June 2014


“Why write drama that doesn't matter?” Jimmy McGovern once asked. The Liverpudlian screenwriter certainly does not skirt tough issues. With drama documentaries on the Hillsborough football stadium disaster and Bloody Sunday, and gritty television series like 'The Street' and 'Cracker', he has focussed repeatedly on injustice, crime and deprivation. Now the man once dubbed “a Charles Dickens for our time” is turning his attention to 'joint enterprise' – an ancient legal doctrine under which inner city youths are receiving mandatory life sentences for murders in which they did not pull the trigger or wield the knife and were only peripherally involved.

His new drama 'Common', to be screened on BBC One next month (July 6), tells the story of Johnjo O'Shea, an unsuspecting 17-year-old who drives three older mates to a pizza parlour. As he waits outside one of the three stabs a customer. Johnjo was unaware that his friend even had a knife, but days later he is charged with murder under 'joint enterprise'. The story is fictitious, but McGovern expects parents across the country to claim he based it on their sons' cases.

The doctrine of 'joint enterprise' dates back 300 years to the age of duelling, when not only the combatants but their seconds and surgeons faced prosecution. Today it is used far more widely than is commonly realised, with gangs the prime target and public's demand for safer streets the driving force.

But 'joint enterprise' is also the cause of growing concern, not least within the legal profession, as draconian sentences are meted out not just to the actual killers but to those deemed to have helped or encouraged them in any way. As McGovern told the Radio Times: “You know that when the British public is outraged injustice is just around the corner.”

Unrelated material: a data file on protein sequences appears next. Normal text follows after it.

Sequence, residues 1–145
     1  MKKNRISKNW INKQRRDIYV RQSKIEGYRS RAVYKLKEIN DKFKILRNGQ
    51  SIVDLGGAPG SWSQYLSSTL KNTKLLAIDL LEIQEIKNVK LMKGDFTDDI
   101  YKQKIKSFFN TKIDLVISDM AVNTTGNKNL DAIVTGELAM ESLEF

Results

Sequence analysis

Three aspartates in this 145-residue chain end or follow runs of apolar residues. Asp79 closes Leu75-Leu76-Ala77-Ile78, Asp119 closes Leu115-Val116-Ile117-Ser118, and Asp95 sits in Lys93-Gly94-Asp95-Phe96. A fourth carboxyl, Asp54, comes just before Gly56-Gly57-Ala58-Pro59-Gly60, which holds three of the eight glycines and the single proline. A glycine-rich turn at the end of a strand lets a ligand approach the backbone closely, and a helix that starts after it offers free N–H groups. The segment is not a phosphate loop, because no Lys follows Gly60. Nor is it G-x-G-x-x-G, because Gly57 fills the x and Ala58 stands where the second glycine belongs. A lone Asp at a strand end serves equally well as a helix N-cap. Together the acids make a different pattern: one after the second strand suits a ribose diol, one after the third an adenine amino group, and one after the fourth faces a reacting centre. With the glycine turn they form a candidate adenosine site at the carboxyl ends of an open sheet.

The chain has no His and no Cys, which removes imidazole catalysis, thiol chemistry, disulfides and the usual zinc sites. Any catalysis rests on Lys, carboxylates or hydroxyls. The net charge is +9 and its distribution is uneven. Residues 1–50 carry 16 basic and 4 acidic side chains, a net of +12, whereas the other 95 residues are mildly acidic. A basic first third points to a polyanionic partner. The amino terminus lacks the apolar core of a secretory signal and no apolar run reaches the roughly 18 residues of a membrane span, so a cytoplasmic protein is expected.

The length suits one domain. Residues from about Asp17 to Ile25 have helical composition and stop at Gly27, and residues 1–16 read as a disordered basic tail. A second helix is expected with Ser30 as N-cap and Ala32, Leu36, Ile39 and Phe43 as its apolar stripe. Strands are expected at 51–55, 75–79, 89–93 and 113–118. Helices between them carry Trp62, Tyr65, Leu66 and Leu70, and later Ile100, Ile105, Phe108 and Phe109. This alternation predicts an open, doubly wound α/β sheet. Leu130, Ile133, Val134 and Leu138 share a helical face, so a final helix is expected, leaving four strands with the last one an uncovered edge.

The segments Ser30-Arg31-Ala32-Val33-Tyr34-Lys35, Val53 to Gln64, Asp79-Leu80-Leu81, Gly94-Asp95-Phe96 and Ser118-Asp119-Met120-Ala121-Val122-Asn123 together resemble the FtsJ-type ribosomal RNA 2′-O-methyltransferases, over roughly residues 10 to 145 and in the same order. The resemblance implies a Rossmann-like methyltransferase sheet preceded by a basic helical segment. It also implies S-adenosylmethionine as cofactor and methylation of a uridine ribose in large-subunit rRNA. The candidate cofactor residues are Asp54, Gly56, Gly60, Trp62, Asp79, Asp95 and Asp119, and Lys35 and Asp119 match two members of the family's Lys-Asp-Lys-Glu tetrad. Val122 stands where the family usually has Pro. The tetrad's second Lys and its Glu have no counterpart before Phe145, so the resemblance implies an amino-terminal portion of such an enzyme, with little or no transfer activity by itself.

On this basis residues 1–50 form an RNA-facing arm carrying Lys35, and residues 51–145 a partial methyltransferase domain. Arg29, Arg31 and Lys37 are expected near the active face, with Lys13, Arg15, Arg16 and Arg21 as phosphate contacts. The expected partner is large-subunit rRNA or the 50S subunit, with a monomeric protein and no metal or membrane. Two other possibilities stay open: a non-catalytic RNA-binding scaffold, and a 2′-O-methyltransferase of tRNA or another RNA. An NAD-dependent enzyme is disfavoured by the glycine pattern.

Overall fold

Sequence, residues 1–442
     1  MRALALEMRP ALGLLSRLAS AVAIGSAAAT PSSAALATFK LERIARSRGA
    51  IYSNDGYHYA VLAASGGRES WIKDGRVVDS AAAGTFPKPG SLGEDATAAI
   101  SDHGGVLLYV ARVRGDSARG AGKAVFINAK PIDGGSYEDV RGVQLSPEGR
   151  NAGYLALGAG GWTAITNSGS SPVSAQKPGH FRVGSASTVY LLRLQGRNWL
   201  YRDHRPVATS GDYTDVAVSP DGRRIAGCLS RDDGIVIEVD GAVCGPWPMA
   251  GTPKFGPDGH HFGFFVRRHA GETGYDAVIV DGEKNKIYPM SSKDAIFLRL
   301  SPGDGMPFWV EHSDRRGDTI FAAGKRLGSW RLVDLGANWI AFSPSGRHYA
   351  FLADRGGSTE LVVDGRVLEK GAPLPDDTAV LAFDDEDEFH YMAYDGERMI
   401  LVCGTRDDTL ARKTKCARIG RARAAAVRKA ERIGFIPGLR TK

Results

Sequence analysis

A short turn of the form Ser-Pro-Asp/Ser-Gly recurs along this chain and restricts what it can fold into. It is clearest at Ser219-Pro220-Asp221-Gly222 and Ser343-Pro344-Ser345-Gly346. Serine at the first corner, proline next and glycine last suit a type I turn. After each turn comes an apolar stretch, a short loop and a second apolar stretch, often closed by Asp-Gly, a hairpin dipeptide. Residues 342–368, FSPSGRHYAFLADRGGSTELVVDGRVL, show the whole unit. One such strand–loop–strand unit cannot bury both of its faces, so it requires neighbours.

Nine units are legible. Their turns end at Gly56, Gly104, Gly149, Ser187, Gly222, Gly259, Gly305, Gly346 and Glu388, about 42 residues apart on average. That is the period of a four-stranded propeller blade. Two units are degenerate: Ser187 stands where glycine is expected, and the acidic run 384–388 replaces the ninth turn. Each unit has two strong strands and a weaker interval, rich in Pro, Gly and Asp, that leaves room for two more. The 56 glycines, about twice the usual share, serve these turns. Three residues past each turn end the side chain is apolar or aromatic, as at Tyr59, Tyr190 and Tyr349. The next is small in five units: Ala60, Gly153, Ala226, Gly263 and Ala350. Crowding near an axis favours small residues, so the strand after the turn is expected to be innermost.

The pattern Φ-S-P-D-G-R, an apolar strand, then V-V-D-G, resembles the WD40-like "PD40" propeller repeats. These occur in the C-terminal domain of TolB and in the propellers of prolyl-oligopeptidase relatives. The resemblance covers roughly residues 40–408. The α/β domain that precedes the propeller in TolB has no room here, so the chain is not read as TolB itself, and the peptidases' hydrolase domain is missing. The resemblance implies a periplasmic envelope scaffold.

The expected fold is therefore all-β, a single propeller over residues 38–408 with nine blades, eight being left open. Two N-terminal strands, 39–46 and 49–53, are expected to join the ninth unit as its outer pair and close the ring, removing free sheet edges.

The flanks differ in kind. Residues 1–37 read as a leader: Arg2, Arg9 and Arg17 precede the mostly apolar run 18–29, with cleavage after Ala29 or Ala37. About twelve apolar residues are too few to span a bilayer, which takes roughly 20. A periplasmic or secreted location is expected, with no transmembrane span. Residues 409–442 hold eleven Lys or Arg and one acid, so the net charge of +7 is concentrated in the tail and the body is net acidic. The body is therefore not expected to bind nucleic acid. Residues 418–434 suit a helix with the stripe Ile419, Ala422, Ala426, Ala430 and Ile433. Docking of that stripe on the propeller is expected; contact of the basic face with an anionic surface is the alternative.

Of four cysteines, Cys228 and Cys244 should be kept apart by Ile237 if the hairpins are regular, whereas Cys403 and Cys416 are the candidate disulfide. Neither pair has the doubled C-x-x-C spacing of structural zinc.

McGovern stumbled across the issue when a Liverpool woman wrote to tell him how her nephew had been imprisoned under 'joint enterprise'. He receives many letters about perceived injustices. Usually he writes back to say that he is too busy, but this letter had taken a month to arrive because the postcode was wrong so he telephoned.

“I got her voice and it was a different thing,” he recalled. She invited him to her house. There he met three or four women with stories about the alleged injustices of 'joint enterprise' suffered by close relatives. One “really fired me...it had all the hallmarks,” he said. It was the story of Jordan Cunliffe, one of three teenagers convicted of murdering Garry Newlove in 2007.

One August night Newlove, a 47-year-old sales manager, confronted some drunken youths outside his house in Warrington, believing they had vandalised his wife's car. He was attacked, and died of a head injury two days later. His murder caused a national outcry. His widow, Helen, demanded government action to protect communities besieged by feral gangs. David Cameron, then leader of the opposition, cited it as evidence of 'broken Britain”. The tabloids had a field day, with the Daily Mail calling Newlove “another martyr to Britain's increasingly violent gang culture, populated by youths, high on drink and drugs, and hell-bent on destruction”.

Five youths were arrested and tried in near-record time. The jury was told that Newlove died from a single blow, but three were found guilty under the 'common enterprise' doctrine. One got seventeen years, another fifteen, and Cunliffe, who was 15 at the time of the murder, twelve, though he insisted he was some yards from Newlove when he was attacked.